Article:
A: Having spent four years in the maternity ward, a 13-year-old mare needs to be brought back to the competition ring very slowly. I suggest you make sure she is dewormed and has her teeth checked and floated and filed, if necessary. Get her inoculations up to date and get her shod so she is well prepared to commence a conditioning program.
Her feed program also will have to be readjusted to her work level. If she appears to be losing weight as her workload increases, gradually increase grain or pellets. A good vitamin supplement also will help her body deal with the increased physical demand you will be putting on her.
Depending on how fit she is when you start to ride her again, conditioning her properly for the show season next year will take from three to six months. Think long, slow and distance for the first month. This period will be the hardest on her, and you must be prepared to go slowly.
Exercise her, but don't drain her muscle tone by overworking her. Remember, it's not just her cardiovascular (heart) system that you want to improve, it's those muscles, tendons and ligaments that need strengthening in order for her to become an athlete again.
Try to increase your workload gradually, week-by-week, not day-by-day. If you find she comes out with energy and is keen to work, perhaps then is a good time to increase the duration of your workload, not the intensity. Recognize the fact that some horses are easier to get fit than others and since she is new to you, you will find this out at the end of your three months.
Start with lots of walking-10 to 20 minutes a day to begin the first week, depending on how she responds. Then add five minutes per week from there. When she walks 25 minutes a day without breaking a sweat or seeming to be out of breath, gradually add short sections of trotting. Begin with one-minute trots and work up to several minutes before you return to walking. She may be out of breath at first, but when she can do four or five, two-minute trotting segments between walks comfortably each day, you are ready to ask her to canter. As you do this, think large circles and turns at slow speeds.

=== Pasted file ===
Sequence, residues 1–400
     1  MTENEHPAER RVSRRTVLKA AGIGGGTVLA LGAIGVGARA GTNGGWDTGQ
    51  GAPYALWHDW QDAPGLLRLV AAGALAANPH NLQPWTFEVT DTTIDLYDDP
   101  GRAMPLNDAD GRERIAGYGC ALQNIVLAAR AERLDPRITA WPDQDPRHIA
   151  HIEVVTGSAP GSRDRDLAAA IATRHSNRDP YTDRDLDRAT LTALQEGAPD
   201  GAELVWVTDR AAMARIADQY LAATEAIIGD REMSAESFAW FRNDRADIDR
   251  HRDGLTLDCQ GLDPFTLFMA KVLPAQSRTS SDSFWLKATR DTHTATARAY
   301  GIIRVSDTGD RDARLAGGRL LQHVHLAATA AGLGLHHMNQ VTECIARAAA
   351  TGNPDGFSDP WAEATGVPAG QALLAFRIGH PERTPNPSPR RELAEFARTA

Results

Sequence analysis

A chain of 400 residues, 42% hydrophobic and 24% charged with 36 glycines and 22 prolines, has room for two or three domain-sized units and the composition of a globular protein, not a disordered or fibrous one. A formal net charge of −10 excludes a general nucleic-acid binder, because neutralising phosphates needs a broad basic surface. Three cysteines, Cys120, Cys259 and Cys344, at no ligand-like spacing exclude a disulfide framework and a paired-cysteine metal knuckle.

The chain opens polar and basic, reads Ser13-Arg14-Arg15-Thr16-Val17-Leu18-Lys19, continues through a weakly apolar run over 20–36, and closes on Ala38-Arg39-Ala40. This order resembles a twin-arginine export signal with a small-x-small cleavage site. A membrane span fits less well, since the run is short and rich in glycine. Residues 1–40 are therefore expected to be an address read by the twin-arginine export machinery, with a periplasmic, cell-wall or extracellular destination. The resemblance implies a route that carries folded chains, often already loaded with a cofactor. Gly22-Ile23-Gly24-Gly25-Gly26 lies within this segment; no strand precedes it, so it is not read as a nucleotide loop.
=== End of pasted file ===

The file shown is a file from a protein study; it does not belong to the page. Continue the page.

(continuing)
If she gets stressed, breathes too hard or sweats profusely, you are doing too much. The more keenly you observe and monitor how she acts and reacts to her work, the more successful you will be in achieving your goal. When you feel her moving along without prodding, taking longer to begin to sweat and breathing without stress, she is telling you that she is ready to work a little harder. But it's always better to put a horse to bed, so to speak, with a little gas left in the tank, rather than on empty.
If she was well-trained four years before her "leave of absence," the movements of First and Second Level will not be too hard for her to remember if your aids are correct. She may be rusty, but don't confuse this with lack of understanding. Start off on the conservative side and be easy on her, especially when dealing with more specific movements, such as leg yield and shoulder-in. Once she is fit, you will be surprised what she can do.
Lorraine Stubbs was twice a member of Canada's Olympic dressage team and finished in the top 10 at the 1976 Olympics. She won two gold medals at the 1991 Pan-American Games. She has been an FEI dressage judge since 1981 and currently is chair of the newly organized Dressage Canada. She lives at Rock Eden Farm, her breeding, training and sales facility near Toronto. Her Web site is www.rockeden.com.
This article first appeared in the April, 2001 issue of Dressage Today magazine.